Welcome to the Spring 2012 issue of the II Journal!
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The II Journal is pleased to present a few of the highlights of another dynamic year at the International Institute. Apropos of a political year, politics are at the core of each article in this issue. From the political uprisings witnessed across the globe this year, advanced in part by new media, to the political choices made in the everyday work of energy distribution or literary production, to new political players and structures appearing in former dictatorships, politics inform these essays in obvious and subtle ways.
In Fall of 2011 the International Institute hosted a day-long symposium on New Media/Social Change to examine the impact of “new media” (social, network, digital) on international news, political movements, and on traditional news media. In our lead article, New Media and the Middle East: Thinking Allowed, Annabelle Sreberny (Centre for Media and Film Studies, London) analyzes the role of new media in contemporary political mobilizations across the globe. She discusses the role of Facebook, Twitter, You-Tube, mobile phones, email, and the 24-hour news cycle in the socio-political unrest unfolding across the Middle East and Western countries alike. She examines the intersection of new social networks with traditional forms of news broadcasting, and old forms of political activism with its emphasis on meeting spaces such as squares or parks (Tahrir, Benghazi, Zuccotti, St. Paul), and the combinations of media tools and political actions used to topple authoritarian regimes (Libya, Egypt), or respond to the global financial crisis (London, New York, Athens).
While revolutions are by definition political, politics also play a central role in more mundane activities—such as the provision and consumption of electricity around the globe. In The Politics of Energy and What it Means for the Climate, Brian Min (CICS International Security and Development Fellow) explores the role governments play in supplying electricity, and how the type of government (democratic/ non-democratic) determines which sector of society (citizens/ industry) gets priority in the delivery of electrical power. Soaring energy needs worldwide have serious consequences for the climate, and the challenges of meeting increasing demand and addressing environmental concerns often present conflicts for policymakers around the globe, and new questions for political scientists.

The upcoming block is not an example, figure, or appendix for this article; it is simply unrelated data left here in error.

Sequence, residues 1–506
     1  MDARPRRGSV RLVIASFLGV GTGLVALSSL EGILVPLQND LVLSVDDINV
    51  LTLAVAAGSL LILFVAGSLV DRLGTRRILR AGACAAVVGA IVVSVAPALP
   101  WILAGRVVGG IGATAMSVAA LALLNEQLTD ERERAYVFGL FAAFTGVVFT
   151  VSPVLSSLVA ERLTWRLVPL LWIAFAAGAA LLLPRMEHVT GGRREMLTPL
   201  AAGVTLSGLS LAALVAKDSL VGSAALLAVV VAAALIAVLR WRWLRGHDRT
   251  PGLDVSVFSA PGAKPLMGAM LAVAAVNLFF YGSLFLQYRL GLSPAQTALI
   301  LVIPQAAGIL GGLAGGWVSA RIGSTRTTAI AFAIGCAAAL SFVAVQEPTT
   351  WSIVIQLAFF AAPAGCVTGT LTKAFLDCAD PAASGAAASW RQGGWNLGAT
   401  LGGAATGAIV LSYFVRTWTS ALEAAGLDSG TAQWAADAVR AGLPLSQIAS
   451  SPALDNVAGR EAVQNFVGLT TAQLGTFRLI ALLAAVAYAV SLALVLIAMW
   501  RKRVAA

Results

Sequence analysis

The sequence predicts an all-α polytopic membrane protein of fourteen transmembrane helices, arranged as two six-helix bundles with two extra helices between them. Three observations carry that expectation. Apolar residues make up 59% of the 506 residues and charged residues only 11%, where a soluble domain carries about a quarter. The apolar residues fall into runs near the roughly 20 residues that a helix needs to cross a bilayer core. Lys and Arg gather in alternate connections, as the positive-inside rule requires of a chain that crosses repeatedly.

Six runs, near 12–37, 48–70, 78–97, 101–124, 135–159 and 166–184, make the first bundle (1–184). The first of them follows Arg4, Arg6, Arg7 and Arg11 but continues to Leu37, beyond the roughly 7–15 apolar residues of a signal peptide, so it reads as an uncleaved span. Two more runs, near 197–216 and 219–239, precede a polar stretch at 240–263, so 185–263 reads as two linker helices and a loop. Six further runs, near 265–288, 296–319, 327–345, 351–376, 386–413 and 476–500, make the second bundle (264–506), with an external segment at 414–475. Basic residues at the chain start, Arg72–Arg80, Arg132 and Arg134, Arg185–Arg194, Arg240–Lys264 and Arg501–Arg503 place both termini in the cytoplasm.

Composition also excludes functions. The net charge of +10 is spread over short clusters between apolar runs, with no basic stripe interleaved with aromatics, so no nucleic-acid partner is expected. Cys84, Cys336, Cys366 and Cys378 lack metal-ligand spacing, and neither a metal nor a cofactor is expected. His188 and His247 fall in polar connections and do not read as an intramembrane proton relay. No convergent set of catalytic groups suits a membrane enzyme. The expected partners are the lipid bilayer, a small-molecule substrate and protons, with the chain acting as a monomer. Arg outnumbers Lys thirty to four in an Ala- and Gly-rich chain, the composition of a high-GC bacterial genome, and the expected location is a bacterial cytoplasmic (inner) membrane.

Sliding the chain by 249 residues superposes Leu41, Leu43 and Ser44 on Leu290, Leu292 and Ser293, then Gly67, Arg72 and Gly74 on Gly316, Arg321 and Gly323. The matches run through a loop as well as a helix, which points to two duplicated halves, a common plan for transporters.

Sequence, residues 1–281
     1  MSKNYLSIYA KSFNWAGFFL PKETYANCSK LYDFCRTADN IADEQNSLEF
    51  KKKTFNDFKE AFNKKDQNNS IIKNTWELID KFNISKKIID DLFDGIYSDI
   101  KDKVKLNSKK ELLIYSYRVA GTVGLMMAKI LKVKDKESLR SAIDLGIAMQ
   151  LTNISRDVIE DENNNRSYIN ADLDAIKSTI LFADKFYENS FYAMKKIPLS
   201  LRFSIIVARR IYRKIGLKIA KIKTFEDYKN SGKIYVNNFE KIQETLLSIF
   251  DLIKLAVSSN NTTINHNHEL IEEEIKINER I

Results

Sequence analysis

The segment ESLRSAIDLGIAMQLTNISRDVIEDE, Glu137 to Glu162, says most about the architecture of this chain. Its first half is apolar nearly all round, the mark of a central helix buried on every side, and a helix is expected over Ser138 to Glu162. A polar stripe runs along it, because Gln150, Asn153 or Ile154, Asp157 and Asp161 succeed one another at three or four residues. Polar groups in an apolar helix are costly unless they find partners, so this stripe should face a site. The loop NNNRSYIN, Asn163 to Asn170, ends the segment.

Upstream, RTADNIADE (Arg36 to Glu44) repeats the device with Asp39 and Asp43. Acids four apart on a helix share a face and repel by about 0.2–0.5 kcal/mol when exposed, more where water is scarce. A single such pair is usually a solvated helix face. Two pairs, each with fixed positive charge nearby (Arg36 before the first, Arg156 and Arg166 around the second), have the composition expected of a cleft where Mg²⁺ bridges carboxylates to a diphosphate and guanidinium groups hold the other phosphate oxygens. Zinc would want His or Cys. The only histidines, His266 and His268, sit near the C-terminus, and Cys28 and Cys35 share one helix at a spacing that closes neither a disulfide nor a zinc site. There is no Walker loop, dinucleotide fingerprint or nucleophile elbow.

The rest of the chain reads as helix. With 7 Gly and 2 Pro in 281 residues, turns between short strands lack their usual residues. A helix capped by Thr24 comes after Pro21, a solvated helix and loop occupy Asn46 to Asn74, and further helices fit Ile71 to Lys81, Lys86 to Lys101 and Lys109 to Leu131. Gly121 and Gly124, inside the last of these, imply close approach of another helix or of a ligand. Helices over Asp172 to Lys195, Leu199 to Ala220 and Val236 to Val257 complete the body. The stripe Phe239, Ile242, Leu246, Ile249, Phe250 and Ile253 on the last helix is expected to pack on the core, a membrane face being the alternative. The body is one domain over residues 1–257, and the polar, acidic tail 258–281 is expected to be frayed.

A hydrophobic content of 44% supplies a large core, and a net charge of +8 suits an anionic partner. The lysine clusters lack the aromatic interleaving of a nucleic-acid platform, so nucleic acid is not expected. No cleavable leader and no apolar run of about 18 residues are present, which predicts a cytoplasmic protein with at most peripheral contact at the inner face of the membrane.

The literary process (from writing to translating to editing to publishing to reading), especially in an international context, is full of political repercussions. In Translating Human Rights Testimonies, Christi Merrill (CICS Human Rights Fellow) discusses the ideological implications of translating literary texts, particularly in translations of works describing discrimination into the language of the colonizer. She explores the consequences of categorizing a work as fiction, non-fiction, autobiography, or even literary, and how such delineations can alter the reader’s perception of events described in the text. How are terms such as “truth” or “universal truth” defined in works of literature, especially human rights literature?
This year the University of Michigan Wallenberg Committee awarded Aung San Suu Kyi the 21st Raoul Wallenberg Medal in absentia for her human rights work in Myanmar (formerly Burma). Dominic Nardi (a political science graduate student) delivered the Wallenberg medal to her in December. The next article describes his visit with the human rights activist in Burma. He discusses the political transformations taking place in the country, and Daw Suu’s transformation from resistance leader to politician. He addresses the challenges of rebuilding after 50 years of military dictatorship destroyed the public institutions there. Democracy hangs in the balance as the country struggles with a shortage of professionals who understand public management.
Closing out the issue is a narrative by another student, Colin Yee, who traveled to Liberia with the help of an International Institute Individual Fellowship to complete an internship with the NGO Tiyatien Health. Health services in Liberia are being overwhelmed by an influx of refugees from political turmoil in neighboring Ivory Coast. The internship included conducting research on a community health worker program, which serves as a model for paid health workers.